Assuming this is from the U.S. or Canada, I would bet on Dolichomitus irritator:
http://bugguide.net/node/view/338540
They get pretty large in their own right.
Eric

Thanks Eric,
That species name “
irritator” is very suggestive.

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Subject: South African Flying Insect
Location: Nature’s Valley, Western Cape, South Africa
June 20, 2012 3:17 pm
Here’s a lovely bug from the South African Cape. We’d love to know what it is.
Signature: Luis

Spider Wasp from South Africa

Hi Luis,
We are nearly certain this incredibly gorgeous insect is a Spider Wasp in the family Pompilidae, but we cannot find any photos online to support that supposition.  Perhaps one of our readers will have better luck with a species identification.

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Subject: Stick insect I.D.
Location: Thailand
June 19, 2012 4:10 am
Sir
I have sent several photos in the past to be Identified but not yet had a reply.
I live in Thailand and it’s pretty difficult to name a lot of the insects I find.Here are some for you t look at.
Signature: lenny

Walkingstick

Dear Lenny,
This is a beautiful Walkingstick or Phasmid, but we do not know the species.  We will try to research it.  We apologize for not responding to your earlier emails, but we have a tiny and overwhelmed staff and the past few weeks have been especially hectic in our personal lives.  Emails back up and many never even get opened.  We are guessing that Khao-Soi-Dao, the name on your files, is the local name for this lovely Phasmid that would be perfectly camouflaged on that twig were it not for the chrome yellow collar.

Walkingstick

Hello Daniel
Thank you for your prompt reply.
Khao Soi Dao is a National Park not to far from Cambodia.
The yellow collar was only shown when the insect was touched
and was withdrawn after a few seconds.Probably a defence of some sort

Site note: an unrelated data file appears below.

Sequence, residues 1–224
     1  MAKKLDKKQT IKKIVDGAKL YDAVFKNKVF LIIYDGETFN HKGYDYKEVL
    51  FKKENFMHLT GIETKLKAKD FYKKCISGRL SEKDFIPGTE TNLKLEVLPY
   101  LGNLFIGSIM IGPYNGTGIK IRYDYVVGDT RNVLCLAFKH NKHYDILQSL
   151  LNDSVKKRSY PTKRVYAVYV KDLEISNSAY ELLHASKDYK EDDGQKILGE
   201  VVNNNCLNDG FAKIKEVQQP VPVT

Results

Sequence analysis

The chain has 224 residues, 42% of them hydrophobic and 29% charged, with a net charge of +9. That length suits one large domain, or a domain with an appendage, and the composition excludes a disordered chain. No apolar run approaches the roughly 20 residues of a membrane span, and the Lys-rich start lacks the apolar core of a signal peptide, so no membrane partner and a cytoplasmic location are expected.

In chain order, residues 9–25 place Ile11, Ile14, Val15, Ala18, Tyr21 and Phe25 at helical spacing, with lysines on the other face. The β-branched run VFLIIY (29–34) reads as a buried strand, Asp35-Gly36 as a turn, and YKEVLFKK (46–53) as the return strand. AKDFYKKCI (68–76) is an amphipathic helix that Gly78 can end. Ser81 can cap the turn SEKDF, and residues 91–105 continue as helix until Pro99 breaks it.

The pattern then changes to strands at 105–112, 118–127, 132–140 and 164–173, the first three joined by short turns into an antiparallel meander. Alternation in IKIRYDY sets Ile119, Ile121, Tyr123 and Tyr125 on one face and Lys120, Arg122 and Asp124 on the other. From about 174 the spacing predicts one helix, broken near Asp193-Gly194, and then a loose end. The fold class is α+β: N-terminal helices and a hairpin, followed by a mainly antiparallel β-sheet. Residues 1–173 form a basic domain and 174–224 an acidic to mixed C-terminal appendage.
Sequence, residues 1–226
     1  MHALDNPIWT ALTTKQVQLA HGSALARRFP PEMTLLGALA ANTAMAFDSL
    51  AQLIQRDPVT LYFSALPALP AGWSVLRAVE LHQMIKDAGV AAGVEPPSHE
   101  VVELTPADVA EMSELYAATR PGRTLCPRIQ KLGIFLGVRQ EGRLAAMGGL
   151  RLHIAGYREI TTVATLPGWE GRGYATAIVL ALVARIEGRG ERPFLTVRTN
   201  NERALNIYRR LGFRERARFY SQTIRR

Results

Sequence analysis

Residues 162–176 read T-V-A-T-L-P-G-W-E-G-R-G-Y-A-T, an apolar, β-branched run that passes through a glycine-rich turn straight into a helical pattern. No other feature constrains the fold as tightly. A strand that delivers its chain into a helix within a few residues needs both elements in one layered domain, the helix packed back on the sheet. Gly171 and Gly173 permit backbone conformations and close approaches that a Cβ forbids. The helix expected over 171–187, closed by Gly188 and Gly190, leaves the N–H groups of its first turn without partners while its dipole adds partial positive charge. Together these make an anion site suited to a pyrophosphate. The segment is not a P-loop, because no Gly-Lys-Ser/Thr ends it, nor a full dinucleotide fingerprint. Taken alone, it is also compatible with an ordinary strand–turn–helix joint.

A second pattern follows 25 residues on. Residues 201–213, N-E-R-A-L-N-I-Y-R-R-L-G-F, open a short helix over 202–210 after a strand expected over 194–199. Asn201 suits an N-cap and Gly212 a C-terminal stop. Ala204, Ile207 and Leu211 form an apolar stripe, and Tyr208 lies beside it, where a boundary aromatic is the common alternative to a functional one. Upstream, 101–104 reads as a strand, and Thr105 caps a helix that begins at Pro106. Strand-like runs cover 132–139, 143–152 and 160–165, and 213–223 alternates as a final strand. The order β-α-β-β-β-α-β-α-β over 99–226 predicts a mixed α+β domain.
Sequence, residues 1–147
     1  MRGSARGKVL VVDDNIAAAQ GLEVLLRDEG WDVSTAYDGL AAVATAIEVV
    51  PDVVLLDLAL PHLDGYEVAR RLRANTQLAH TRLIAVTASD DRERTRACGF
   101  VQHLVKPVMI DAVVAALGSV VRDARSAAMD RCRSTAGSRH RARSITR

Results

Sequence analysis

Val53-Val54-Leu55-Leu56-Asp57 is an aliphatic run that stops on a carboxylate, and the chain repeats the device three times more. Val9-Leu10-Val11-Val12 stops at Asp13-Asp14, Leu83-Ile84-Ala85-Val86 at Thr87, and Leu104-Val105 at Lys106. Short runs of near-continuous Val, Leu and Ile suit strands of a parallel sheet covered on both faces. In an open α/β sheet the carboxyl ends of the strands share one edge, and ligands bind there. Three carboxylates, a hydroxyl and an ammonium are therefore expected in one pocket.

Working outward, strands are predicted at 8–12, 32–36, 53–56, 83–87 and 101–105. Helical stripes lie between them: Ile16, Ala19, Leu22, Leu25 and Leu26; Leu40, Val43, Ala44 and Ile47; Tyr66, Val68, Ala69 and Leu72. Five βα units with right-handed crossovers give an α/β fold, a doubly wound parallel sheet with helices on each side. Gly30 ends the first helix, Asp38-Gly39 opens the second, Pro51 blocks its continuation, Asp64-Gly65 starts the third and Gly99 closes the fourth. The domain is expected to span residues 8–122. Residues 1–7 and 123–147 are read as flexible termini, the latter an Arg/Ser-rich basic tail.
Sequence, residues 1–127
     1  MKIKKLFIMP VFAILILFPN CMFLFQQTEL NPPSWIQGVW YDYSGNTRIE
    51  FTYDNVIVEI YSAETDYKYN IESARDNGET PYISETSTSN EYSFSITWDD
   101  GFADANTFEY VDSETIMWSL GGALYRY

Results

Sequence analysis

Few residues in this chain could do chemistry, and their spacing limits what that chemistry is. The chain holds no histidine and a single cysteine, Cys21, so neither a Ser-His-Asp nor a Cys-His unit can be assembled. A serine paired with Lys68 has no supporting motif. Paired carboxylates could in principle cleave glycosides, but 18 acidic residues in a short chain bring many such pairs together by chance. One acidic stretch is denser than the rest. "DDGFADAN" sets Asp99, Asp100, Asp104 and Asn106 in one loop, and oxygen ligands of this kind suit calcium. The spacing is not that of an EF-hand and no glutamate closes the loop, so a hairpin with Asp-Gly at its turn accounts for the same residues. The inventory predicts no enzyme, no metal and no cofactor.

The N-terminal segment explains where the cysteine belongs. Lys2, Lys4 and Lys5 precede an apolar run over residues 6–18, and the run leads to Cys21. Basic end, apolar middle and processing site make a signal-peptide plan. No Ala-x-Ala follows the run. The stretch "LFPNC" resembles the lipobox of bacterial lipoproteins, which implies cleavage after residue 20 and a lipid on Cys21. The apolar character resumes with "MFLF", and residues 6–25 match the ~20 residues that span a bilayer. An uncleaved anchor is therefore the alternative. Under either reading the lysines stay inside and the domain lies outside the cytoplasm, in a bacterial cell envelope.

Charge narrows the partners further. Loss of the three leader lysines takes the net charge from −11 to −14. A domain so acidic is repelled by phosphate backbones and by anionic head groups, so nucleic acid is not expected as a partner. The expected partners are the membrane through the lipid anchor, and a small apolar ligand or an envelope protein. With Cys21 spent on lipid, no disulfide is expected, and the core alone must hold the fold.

to frighten preditors.  It’ difficult here in Thailand to I.D. stuff.It means trawling the internet
for hours looking for photos of the insects I have seen only to find they
also don’t know the correct Latin name.
There is a guide,Beetles of Thailand,but I already have seen 30odd species
not even in there.Frustrating.
Anyway thanks again’hope to hear from you soon.
Lenny

Walkingstick

Very Interesting.  Thanks for the additional information Lenny.  We have had no luck with a species identification.

 

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Subject: Camping with Insects
Location: Kennedy Meadows, CA
June 3, 2012 11:54 pm
Hey there,
When I was in Kennedy Meadows, CA I saw this huge fly looking insect. I think if may be a species of Robberfly, but i am not positive. I believe it was around last August when I saw it. Think you can help me out? Thanks a bunch!
Signature: Jared from California

Robber Fly

Hi Jared,
This is indeed a Robber Fly.  Our quick search this morning did not turn up a species match, but it reminds us of the genus
Promachus pictured on BugGuide as well as the genus Proctacanthus also pictured on BugGuide.  Both genera are also pictured on this wonderful Robber Fly website.  Perhaps one of our readers will be able to assist with this identification.

Robber Fly